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The Impact of the Relationship Between Climate Change and Gender Inequality on landscape
Submission DeadlineFeb. 25, 2020

Submission Guidelines: http://www.sciencepublishinggroup.com/home/submission

Lead Guest Editor
Maryam Rezaei Ghaleh
Islamic Art University of Tabriz, Tabriz, East Azarbaijan Province, Iran
Guest Editor
  • Marzieh Rezaei Ghaleh
    Arizona State University, Tempe, Arizona, USA
One of the major problems in today's world, and especially in the future, is climate change. And its adverse effects are increasing. Therefore, global organizations have various plans to mitigate these effects. Climate change includes global warming, floods, storms, droughts, and more. Global warming has two main areas: the global average temperature rises and urban heat island. By 2050, all countries have pledged not to raise the global average temperature by more than two degrees.
One of the reasons for much attention to global warming is its association with human health. Raising temperatures, especially in cities, urban heat island, and heatwaves, directly and indirectly, hurts the physical and mental health of all humans. But these effects on different human groups are different. Some groups, including pregnant, infants, children, the elderly, the disabled, patients, the low-incomes, and the poor are at high risk. Research shows that the adverse effects of global warming on women's health are more significant. Besides, high-risk groups are often associated with women. Because women usually take care of children, the elderly and the disabled in the family. And if their health is compromised, it will undoubtedly increase their working hours of care for women, as well as affect women's health. Also, women are often poorer and more vulnerable than men.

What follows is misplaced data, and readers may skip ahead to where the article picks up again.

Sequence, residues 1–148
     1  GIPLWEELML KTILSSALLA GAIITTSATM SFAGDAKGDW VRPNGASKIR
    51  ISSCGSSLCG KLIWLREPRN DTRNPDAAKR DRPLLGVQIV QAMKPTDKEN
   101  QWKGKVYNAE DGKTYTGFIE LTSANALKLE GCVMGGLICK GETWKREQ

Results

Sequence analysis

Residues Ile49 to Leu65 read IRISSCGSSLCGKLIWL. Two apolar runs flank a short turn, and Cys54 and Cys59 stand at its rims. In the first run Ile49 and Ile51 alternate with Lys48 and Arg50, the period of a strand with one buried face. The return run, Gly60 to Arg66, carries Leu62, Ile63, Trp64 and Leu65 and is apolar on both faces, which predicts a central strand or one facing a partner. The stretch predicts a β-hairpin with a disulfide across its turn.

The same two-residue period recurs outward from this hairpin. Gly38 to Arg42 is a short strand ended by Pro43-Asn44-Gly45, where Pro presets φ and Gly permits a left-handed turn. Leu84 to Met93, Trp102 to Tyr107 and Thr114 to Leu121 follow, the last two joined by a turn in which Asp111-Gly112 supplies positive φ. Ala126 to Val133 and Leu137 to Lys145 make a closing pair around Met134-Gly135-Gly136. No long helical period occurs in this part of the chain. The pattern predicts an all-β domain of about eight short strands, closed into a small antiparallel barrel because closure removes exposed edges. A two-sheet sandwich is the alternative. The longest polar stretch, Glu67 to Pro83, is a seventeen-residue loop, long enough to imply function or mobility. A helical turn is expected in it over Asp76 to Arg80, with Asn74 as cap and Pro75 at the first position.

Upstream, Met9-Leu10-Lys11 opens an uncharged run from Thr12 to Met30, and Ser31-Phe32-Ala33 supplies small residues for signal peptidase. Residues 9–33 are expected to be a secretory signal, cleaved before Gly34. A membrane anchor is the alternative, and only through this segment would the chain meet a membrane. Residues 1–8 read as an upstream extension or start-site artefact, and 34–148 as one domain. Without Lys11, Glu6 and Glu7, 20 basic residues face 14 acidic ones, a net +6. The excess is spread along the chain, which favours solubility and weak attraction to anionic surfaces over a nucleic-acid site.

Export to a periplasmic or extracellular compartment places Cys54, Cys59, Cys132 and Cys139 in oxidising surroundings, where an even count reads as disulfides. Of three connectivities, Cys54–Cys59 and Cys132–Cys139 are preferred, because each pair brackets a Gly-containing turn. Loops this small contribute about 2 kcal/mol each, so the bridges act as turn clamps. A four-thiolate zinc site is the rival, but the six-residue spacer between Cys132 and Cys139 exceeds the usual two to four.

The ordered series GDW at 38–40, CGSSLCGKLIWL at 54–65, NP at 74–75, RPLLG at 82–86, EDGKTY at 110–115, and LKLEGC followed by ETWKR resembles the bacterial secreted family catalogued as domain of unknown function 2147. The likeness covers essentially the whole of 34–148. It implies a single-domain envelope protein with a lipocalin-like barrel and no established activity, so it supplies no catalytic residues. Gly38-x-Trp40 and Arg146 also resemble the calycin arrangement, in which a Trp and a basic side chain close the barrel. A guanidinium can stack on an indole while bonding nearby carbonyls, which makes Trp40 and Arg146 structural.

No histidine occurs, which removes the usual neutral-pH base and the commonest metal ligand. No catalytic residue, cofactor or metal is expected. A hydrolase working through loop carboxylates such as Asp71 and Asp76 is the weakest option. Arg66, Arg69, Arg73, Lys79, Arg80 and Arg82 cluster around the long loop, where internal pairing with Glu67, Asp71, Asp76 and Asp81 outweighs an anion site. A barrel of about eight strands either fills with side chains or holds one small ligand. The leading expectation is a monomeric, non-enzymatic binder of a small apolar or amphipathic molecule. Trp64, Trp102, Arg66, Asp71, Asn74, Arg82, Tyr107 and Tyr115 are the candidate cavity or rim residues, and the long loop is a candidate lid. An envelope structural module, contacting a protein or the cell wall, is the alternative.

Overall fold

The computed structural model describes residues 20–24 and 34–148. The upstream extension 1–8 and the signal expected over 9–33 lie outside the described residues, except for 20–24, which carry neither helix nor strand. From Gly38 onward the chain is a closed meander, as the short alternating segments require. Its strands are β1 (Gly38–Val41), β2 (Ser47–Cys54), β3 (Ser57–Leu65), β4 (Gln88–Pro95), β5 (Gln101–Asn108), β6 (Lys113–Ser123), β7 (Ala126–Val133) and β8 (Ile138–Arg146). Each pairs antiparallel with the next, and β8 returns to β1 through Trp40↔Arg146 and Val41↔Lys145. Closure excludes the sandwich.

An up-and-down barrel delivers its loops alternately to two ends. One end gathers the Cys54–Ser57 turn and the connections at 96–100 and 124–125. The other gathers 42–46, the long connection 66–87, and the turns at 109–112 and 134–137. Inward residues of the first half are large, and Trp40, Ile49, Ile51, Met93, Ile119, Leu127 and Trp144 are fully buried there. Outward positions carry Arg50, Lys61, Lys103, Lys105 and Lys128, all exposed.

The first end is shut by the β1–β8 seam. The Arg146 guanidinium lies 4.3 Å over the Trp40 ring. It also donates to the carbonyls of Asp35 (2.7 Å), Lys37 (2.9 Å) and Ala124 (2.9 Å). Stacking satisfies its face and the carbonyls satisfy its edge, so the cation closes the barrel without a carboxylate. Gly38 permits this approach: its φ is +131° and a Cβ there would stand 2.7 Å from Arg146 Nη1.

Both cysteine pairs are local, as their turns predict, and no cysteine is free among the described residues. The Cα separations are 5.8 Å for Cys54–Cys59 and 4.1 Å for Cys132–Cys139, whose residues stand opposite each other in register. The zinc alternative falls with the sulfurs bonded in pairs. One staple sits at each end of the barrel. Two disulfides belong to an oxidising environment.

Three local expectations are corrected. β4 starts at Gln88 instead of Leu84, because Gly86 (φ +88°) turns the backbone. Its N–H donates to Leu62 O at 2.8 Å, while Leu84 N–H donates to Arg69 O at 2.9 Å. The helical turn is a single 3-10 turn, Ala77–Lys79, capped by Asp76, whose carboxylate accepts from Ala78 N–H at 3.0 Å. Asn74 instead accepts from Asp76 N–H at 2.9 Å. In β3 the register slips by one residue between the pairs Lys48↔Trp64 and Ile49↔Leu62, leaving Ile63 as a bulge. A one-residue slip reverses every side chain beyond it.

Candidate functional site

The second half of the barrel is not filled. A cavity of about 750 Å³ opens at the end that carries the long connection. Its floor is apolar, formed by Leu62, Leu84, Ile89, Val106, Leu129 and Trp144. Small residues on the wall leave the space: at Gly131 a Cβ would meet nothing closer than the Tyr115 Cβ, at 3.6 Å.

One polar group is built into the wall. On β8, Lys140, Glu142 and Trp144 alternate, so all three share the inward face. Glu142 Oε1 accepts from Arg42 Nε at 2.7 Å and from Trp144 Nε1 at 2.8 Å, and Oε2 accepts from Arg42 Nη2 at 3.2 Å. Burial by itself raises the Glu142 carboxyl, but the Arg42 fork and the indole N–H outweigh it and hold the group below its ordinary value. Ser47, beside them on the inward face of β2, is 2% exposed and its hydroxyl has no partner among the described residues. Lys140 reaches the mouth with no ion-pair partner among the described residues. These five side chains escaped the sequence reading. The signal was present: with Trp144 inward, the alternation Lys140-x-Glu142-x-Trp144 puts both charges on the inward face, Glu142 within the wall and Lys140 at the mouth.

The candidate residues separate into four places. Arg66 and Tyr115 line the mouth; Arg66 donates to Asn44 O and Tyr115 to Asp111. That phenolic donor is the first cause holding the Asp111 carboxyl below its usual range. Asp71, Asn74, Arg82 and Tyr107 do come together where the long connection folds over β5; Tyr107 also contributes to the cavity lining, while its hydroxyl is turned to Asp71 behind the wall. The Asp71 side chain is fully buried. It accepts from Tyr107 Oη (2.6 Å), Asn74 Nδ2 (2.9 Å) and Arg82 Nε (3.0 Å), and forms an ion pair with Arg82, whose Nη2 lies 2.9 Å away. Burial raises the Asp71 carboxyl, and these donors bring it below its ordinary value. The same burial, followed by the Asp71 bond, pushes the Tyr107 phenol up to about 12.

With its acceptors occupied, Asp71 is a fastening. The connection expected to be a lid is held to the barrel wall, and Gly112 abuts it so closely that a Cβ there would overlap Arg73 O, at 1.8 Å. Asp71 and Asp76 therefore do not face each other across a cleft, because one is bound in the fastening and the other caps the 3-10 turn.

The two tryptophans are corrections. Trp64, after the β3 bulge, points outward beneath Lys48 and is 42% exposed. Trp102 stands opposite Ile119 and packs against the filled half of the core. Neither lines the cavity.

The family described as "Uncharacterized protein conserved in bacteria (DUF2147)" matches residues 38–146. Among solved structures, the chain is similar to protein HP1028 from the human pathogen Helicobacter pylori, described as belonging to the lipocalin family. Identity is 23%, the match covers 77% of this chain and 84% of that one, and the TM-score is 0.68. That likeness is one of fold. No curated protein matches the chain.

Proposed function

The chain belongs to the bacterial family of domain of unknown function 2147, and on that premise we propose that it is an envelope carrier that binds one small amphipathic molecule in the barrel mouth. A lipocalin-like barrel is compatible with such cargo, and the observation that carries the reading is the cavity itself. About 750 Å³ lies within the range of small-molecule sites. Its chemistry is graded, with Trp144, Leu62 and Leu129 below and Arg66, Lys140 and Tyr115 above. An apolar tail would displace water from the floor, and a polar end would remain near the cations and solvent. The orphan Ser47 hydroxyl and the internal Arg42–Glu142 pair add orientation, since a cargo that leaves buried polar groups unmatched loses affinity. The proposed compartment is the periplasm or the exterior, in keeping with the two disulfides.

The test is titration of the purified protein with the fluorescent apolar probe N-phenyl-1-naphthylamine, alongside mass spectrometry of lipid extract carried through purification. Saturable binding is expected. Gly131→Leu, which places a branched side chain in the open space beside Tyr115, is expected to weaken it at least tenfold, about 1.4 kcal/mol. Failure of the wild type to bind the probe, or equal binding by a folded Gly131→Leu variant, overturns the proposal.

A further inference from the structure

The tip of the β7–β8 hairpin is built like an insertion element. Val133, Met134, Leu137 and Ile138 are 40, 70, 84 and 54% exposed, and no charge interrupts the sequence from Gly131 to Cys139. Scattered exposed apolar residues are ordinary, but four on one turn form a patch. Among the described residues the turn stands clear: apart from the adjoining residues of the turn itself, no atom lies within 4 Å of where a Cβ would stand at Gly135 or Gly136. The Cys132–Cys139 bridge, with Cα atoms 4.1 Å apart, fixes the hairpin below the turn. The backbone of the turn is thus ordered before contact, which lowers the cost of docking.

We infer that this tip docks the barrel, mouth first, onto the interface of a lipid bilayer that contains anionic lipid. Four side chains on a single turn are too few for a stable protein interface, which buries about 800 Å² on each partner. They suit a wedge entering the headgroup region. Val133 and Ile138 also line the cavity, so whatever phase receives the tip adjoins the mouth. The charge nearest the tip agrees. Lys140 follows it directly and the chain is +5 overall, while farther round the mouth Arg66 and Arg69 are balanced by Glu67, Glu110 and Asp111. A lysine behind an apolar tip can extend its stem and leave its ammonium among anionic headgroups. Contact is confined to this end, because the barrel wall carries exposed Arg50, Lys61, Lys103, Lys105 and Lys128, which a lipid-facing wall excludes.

The effects of global warming in cities are higher than in rural areas. These effects are also more severe in the downtown area than in the suburbs because of the lack of green space and factors such as air pollution. One of the major causes of the negative impacts of global warming on the health of vulnerable groups is less access to urban green infrastructure and a lack of ability to create, develop and maintain private green space. Therefore, women's health is more at risk in populated cities and urban centers than in other women.
Green spaces could stop cities from overheating. Researches showed parks and gardens decreasing temperatures promote the reduction of the urban heat island. So, in areas of the city where women are more populated, or women spend more time in those areas, there is a need for increased public green space.
Aims and Scope:
  1. Climate change, Global warming
  2. Gender equality, Women
  3. Health (mental & physical)
  4. Decrease average temperature in cities
  5. Increase urban green spaces
  6. Safety, security and accessible parks
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